CEO to CEO: Making Sure the Hats Fit

By /
Dec 1, 2014

What’s one tip you can share with someone who struggles to wear multiple hats?

Ann Turner

Ann Turner, Ph.D., FASAE, CAE

Executive Director, American Association for Laboratory Animal Science and the AALAS Foundation, Memphis, Tennessee

Share the hats! Executives think we are the only ones who can make a decision, complete a task, represent the association, lead a project, and carry out all the other activities that require a hat. Sometimes that is true: We are the ones who must wear the hats. But in other cases, we need to learn to let go and to prepare and trust someone else to wear the hat.

G. Lawrence Merrill

G. Lawrence Merrill

Executive Director, Michigan Townships Association, Lansing, Michigan

Who doesn’t struggle with wearing multiple hats? Be aware which hat you are wearing at any given time, and wear only one hat at any given time. Choose hats that reflect the person you want to be. Some hats cannot ethically be worn with others. Don’t let wearing one hat relegate a more important hat to the back of the closet. Don’t wear any hat that fits poorly, isn’t comfortable, or makes you look like somebody you are not.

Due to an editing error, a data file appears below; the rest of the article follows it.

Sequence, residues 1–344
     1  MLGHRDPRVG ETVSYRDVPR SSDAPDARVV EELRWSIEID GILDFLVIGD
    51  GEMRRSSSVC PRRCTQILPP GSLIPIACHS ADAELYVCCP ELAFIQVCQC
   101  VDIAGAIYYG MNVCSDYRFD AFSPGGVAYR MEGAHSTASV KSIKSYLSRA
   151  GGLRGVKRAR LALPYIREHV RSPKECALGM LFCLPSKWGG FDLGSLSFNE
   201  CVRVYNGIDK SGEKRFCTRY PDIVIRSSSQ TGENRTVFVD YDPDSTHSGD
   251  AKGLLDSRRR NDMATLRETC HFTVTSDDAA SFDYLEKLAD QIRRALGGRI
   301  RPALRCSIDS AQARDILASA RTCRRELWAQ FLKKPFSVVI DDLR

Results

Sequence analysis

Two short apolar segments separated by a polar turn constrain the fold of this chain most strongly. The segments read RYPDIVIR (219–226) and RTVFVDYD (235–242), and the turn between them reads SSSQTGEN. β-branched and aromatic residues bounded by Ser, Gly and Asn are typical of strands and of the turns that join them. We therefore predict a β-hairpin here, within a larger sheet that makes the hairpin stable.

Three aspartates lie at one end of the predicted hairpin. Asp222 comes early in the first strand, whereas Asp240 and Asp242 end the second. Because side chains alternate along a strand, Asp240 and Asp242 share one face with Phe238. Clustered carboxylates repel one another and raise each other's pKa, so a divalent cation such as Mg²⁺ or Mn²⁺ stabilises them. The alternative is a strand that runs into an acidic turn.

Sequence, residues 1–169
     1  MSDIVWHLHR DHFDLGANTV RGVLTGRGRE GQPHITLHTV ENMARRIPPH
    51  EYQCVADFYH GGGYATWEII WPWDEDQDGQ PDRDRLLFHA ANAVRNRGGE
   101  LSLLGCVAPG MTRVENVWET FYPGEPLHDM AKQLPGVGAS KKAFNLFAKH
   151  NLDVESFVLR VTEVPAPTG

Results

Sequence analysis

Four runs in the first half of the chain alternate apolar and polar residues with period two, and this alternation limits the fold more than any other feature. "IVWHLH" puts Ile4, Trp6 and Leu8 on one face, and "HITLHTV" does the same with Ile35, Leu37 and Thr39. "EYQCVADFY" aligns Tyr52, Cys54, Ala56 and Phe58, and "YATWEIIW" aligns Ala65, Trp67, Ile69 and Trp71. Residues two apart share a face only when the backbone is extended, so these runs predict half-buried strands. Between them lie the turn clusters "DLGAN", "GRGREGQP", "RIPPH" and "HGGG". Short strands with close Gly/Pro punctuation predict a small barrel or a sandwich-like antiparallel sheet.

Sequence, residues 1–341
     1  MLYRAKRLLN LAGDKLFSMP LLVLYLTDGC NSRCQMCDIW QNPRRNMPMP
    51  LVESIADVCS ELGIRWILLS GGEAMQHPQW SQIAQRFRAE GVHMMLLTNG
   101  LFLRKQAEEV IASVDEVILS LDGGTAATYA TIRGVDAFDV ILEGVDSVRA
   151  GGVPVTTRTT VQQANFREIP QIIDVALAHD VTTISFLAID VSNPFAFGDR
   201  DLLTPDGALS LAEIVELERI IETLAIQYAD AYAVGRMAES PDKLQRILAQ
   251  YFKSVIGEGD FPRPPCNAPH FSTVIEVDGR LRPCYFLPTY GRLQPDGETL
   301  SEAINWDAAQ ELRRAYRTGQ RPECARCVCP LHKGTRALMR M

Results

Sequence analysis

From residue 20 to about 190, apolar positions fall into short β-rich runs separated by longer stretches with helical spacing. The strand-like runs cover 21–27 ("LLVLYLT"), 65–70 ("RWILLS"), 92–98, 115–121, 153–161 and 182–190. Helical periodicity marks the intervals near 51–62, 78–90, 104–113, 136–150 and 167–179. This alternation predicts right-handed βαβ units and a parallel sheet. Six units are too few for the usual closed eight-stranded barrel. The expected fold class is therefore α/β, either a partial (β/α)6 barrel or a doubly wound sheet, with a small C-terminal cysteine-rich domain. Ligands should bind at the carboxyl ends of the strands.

Nancy Aebersold

Nancy Aebersold

Founder and Executive Director, Higher Education Recruitment Consortium, San Francisco

Identify and name each hat. Within each hat, list your priorities and always make sure your hats are tied to your strategic plan. If you’re struggling with a project in one hat, you can always try on another to get a break and a fresh perspective. Also, identifying your hats and priorities will help you see more clearly whether there are areas that can be delegated or reassigned to others in your organization or whether there’s a staffing need.

Tom Hendricks

Tom Hendricks

President and CEO, National Air Transportation Association, Alexandria, Virginia

Wearing multiple hats requires a high degree of compartmentalization and organization. To manage time appropriately, keeping control of the calendar is the first order of business. However, finding yourself in this situation also provides a great opportunity: Days only last 24 hours, so leaders need to acutely focus on the most compelling matters. This raising up of priorities drives a more strategic view of existing areas of focus.

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